Friday Wake-Up Call: Disney's blah name for its new streaming service, and a big change at Havas
Welcome to Ad Age's Wake-Up Call, our daily roundup of advertising, marketing, media and digital news. Note: Ad Age Next, our conference on the future of marketing and tech, is almost here. It's happening Tuesday and Wednesday in New York. Tickets are still on sale; hope to see you there.
What people are talking about today
Ad Age's Megan Graham reported on the "polarizing" agency culture at Havas Chicago and, a day later, the company announced the departure of a top executive. Graham reports that Jason Peterson, chief creative officer for Havas North America, is leaving the company "on mutual agreement." The company thanked Peterson, who is also a photographer with 1.1 million followers on Instagram, "for his contributions to our organization in North America and [wishes] him all the very best in the future."
When a 'plus' is a minus
Nike has Nike+. Google had Google+, until the service was killed off last month because a bug exposed users' personal information. And now Disney has Disney+, which is the name of its upcoming streaming video service. There was chatter on Twitter about why a company brimming with creative geniuses couldn't think of anything more original. Someone tweeted, "Wonder how long and how much money was spent deciding on the name ...?" Another tweet: "I may be unoriginal but at least I'm not the one who named Disney's new streaming service "Disney+."
Also: Disney's strong quarterly earnings were boosted by the performance of its movies and theme parks, Bloomberg News reports.
MoviePass, the too-good-to-be-true movie subscription service, has been in turmoil for months. To try to lighten the mood, it sent subscribers an email in which it pretended that its marketing department was run by a dog. (We don't get it either.) As The Verge reports, the email was topped by a photo of a fluffy pooch and it read:
"Woof! I'm Chloe, the Director of Barketing at MoviePass. I'd like to explain why from time to time you may have had a "ruff" experience with us but it turns out that I'm a dog and I can't talk. What I do know is that I see these humans working like crazy to make MoviePass better and better for you as fast as possible. They are so grateful for your membership and support while they work it out. We're listening. We're learning. We're changing."
MoviePass subscribers, many of whom have been complaining that the money-losing service no longer offers them much, were annoyed. Someone tweeted: "@MoviePass DO NOT PANDER TO ME WITH A CUTE DOG. It's insulting and I hate you even more now."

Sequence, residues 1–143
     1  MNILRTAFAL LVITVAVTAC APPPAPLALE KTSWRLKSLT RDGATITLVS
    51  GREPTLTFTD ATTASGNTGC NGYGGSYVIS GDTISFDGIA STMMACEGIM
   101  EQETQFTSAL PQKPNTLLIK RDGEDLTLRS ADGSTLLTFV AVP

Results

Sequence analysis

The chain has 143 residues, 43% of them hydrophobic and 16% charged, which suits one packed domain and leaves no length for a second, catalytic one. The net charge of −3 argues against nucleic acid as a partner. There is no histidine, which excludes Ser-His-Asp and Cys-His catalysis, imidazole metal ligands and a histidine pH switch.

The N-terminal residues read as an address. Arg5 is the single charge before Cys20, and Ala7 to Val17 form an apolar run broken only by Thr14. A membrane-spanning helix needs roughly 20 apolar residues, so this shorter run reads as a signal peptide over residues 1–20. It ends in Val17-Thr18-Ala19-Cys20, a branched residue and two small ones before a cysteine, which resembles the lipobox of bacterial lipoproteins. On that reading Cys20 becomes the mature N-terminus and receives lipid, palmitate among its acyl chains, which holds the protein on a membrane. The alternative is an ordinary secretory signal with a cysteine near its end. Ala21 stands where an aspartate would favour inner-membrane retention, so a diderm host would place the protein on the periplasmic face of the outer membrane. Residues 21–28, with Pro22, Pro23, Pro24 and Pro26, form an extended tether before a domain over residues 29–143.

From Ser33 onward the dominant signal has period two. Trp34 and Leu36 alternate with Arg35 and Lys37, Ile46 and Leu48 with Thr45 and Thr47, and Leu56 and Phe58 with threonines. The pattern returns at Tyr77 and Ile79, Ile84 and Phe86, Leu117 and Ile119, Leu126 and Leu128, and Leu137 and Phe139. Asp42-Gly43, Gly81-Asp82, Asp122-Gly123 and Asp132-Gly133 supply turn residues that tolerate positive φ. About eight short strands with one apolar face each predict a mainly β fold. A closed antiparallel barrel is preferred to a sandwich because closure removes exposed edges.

Testing: ABC just ran a show on traditional TV that it had developed for Facebook Watch. If Facebook's video hub allows content creators "to test out ideas and do it quickly and cheaply, that's a good direction for Watch," one analyst tells Ad Age's Garett Sloane. Another notes that "it's a really interesting model; it's a show funded by Facebook, and now it gets a second wind that we can now sell to advertisers." For more about Facebook Watch's "new calling," read Sloane's article here.
Shuffle: Six weeks after the merger of VML and Y&R, Y&R Global CCO Tony Granger will retire, Ad Age's I-Hsien Sherwood writes in a look at some creative moves within the new VMLY&R. And Leslie Sims, CCO of Y&R North America, will move to a role at another WPP company.
Vaping crackdown: "As soon as next week, FDA Commissioner Scott Gottlieb is expected to announce a ban on the sale of most flavored e-cigarettes in tens of thousands of convenience stores and gas stations across the country," The Washington Post writes. Vaping brands like Juul have taken off with teens.
An evolution: Google is revamping the way it handles sexual misconduct allegations in reaction to a mass walkout by employees worried about the issue. Read more in Bloomberg News.
Vine 2.0: Looping video app Vine is gone, but its "co-creator Dom Hofmann announced on Twitter today that its spiritual successor is set to arrive next spring," TechCrunch writes. It reportedly will be called Byte.
L'inspiration?: A French court ruled that a sculpture by artist Jeff Koons copied an ad from a French fashion chain and ordered him to pay damages to the ad's creator, AFP reports. The ad (and the subsequent sculpture) showed a pig leaning over a reclining woman.
Quote of the day: "People are only now starting to understand: We're one of the most Russian companies there is," Moscow-based McDonald's spokeswoman Elena Chilingaryan tells The Wall Street Journal. Amid U.S.-Russia tensions, the fast-food chain's arm in Russia has pushed marketing that touts its use of Russian suppliers, The Journal says.
Ad of the day: London's Heathrow Airport has cast a pair of elderly bears in a few ads now; in the most recent edition, the adorable pair has retired to Florida but feels out-of-sorts there during the holidays. It's a sweet ad, but as Ad Age's Alexandra Jardine writes, its release "coincides with some unfortunate timing. Yesterday, Heathrow was closed for a time in the early morning due to a technical problem with its runway lights." The spot is by agency Havas and directors Dom & Nic of Outsider; watch it here.